A: No. Capacity Grant funding is focused on the entire organization and its effectiveness. This is different than enhancing the programmatic capacity of a particular program. Example: an organization might be running a program that is not well known in the community. Expanding community presence about that program to expand the use of the program services is not eligible. However, if that same organization undertakes a more comprehensive effort to expand its community presence about the entire organization, this is eligible for funding. The issue is organizational capacity versus programmatic capacity.

Q. Can the grant pay for existing staff to do a project?

A: This depends. The grant will not pay for a current full-time employee to take on a project since conceptually that does not add capacity to the organization; this could shift responsibilities but not add capacity. However, if a staff person is part-time, the grant would pay for a time-limited, project-based increase in hours for the part-time position. This would enable the organization to use the extra time to move from point “A” to point “B” for a capacity activity. Please note that a part-time position can not be funded to take on a current staff person’s responsibilities so that the second person can undertake a capacity-related project.

Q. Would the grant pay for a development person to help our organization raise more money and possibly pay for the position after the grant ends?

A: No. Practically speaking, this means that the organization is taking on a new commitment for a staffing expense with no guarantee it can pay for it after the grant ends. 

Q: What if some of the activities in my proposal begin prior to January 1, 2020?

A: CFWM cannot fund projects retroactively. Without question, a project that begins or involves activities before Jan. 1, 2020 is not eligible. In most cases, a proposed set of activities should begin on or after Jan. 1, 2020. If your project is complex and has distinct phases, it is possible to fund activities in a phase that begins after Jan. 1, 2020. Please contact the program officer for further clarification prior to applying.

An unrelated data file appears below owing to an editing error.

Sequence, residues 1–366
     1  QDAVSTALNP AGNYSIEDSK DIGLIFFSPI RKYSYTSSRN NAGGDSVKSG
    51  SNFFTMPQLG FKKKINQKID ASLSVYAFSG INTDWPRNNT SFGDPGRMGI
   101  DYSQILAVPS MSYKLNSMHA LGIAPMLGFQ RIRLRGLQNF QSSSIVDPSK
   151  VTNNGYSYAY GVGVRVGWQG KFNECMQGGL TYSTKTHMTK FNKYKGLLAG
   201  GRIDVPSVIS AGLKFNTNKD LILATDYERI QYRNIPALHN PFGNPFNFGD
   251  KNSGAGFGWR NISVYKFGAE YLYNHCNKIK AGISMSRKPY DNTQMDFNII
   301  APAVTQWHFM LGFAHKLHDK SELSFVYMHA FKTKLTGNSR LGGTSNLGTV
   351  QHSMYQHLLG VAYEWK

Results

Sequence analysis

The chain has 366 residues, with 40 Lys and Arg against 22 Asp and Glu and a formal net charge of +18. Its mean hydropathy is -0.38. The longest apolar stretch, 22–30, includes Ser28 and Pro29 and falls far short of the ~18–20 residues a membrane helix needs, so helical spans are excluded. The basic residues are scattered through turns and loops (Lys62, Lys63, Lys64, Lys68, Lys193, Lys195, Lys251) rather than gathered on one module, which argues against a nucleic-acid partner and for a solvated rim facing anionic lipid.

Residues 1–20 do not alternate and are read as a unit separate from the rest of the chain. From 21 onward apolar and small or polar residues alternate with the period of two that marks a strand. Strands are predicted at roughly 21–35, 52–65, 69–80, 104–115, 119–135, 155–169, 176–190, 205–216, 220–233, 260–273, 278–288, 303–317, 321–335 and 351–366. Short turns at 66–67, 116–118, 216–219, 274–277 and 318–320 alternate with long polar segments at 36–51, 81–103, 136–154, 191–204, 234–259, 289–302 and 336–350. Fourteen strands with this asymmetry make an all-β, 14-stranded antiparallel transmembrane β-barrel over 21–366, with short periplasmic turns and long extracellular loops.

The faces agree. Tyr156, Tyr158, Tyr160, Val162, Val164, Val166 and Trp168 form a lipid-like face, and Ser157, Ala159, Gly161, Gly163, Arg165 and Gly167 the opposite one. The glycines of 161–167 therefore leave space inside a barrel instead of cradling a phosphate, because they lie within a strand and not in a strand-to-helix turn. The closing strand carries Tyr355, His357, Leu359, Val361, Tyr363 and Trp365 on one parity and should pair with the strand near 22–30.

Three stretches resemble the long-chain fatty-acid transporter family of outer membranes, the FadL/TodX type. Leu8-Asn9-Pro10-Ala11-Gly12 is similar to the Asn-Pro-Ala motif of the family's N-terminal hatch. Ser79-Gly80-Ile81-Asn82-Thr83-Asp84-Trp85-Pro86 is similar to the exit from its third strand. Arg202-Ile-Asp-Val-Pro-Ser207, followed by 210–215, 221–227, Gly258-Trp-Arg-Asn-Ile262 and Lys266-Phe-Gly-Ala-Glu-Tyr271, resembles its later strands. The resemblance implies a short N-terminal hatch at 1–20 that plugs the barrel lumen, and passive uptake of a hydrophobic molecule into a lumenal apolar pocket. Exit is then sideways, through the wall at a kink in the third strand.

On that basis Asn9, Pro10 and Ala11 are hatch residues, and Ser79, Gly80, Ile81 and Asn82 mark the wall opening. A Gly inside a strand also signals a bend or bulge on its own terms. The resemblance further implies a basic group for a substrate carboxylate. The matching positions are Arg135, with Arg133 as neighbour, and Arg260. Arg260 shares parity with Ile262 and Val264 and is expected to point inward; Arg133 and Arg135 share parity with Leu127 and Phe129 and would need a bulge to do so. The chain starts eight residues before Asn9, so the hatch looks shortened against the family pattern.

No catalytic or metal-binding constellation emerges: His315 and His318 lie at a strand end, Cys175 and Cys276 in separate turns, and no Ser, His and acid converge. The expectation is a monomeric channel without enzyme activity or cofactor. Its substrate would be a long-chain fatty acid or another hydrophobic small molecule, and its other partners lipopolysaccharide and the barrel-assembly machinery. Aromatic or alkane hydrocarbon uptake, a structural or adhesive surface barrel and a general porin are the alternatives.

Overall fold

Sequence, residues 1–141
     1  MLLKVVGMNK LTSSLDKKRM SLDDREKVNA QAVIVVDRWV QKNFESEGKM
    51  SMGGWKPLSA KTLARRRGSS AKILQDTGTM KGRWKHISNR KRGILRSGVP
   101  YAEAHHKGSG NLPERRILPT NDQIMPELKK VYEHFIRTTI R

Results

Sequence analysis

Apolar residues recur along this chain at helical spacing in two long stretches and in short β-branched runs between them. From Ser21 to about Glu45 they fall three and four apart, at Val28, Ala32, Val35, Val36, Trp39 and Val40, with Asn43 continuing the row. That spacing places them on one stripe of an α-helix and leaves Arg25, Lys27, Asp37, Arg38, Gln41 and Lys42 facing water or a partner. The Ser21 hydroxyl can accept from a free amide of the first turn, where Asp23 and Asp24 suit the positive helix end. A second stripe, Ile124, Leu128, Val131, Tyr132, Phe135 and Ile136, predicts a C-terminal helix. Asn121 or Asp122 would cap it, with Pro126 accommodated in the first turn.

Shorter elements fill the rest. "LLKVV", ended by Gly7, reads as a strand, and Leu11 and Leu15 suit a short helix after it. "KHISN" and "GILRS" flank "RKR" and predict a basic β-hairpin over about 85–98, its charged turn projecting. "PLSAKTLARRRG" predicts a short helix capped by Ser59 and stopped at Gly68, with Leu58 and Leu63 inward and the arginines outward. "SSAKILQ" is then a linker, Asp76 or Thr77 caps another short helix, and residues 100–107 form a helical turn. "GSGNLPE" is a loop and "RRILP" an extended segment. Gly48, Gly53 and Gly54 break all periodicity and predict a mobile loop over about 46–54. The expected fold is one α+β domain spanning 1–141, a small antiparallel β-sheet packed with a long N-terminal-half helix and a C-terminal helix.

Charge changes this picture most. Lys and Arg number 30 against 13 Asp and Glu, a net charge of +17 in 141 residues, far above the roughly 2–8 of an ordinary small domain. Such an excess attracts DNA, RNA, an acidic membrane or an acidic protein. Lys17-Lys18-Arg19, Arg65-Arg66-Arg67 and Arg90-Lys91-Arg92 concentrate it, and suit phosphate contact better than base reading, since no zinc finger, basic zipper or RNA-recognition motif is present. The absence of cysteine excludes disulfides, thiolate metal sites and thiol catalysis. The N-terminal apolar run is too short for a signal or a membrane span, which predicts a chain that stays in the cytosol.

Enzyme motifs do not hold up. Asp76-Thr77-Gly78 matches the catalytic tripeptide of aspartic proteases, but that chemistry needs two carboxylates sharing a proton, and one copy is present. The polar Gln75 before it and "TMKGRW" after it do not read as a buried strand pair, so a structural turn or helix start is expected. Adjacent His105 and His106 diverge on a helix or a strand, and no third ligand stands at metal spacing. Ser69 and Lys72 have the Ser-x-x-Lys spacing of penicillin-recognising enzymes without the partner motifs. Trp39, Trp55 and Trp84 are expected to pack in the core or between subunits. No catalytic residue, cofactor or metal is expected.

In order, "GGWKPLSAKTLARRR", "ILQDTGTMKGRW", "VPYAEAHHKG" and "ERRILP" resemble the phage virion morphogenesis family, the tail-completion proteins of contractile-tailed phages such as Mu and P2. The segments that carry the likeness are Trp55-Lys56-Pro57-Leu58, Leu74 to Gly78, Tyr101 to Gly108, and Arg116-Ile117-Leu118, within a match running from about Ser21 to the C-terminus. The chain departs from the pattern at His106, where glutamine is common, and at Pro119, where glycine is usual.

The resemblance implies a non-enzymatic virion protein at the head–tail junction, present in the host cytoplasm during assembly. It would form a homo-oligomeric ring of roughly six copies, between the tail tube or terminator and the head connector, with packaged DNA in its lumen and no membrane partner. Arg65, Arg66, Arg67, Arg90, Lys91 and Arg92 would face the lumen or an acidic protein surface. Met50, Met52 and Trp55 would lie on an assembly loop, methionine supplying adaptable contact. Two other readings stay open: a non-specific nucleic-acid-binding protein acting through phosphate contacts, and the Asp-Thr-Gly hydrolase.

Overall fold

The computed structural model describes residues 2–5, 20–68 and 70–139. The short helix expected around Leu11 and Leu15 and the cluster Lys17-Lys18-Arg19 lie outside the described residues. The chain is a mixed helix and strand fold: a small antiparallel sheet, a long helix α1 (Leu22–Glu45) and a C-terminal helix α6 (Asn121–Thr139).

Q: What specific activities can be funded with the Capacity Grant?

A: Examples of common funded activities include but are not limited to:

  • strategic planning and/or business planning
  • organizational assessments
  • board and staff development, mentoring/coaching
  • succession planning and transition planning
  • fundraising assessment and planning for financial sustainability
  • marketing and communications planning
  • financial management and improvement
  • human resources and training for general skills and knowledge
  • volunteer management/systems
  • feasibility assessment and implementation of mergers and strategic alliancea
  • technology assessments and planning
  • some hardware and software acquisitions that are tansformative to the organization’s effectiveness (upgrades that would be considered normal and necessary for operations and purchases that CFWM determines are capital items are not eligible)

Q: What are activities are not funded by the Capacity Grant?

A: In addition to activities that are ineligible for all CFWM grants, specific activities that are not eligible for a Capacity Grant include:

  • The hiring of permanent staff (a commitment of employment beyond the grant end date).
  • Use of funds to underwrite salaries for staff without any corresponding increase in hours to reflect additional temporary activities. Full time staff salaries may not be supported by
    these grant funds, even if there is a shift in focus for staff person’s activities.
  • Funding feasibility studies for capital campaigns.
  • Activities that do not begin after January 2020.
  • Purchase of large computer infrastructure that Foundation terms to be a capital expense.

Q: Will the Community Foundation fund general operating support?

A: The Community Foundation Grants Program does not provide grants for general operating support.


DOCUMENTATION QUESTIONS

Q: As part of an organization’s proposal, it is asking for funding for a consultant. Does the applicant need bids from possible consultants or do the names of consultants need to be identified in the proposal?

A: Applicants that are proposing to use a consultant must demonstrate in writing that they will be able to secure appropriate services within three months of receiving grant award notification. [while helpful, bids or contracts are not required.]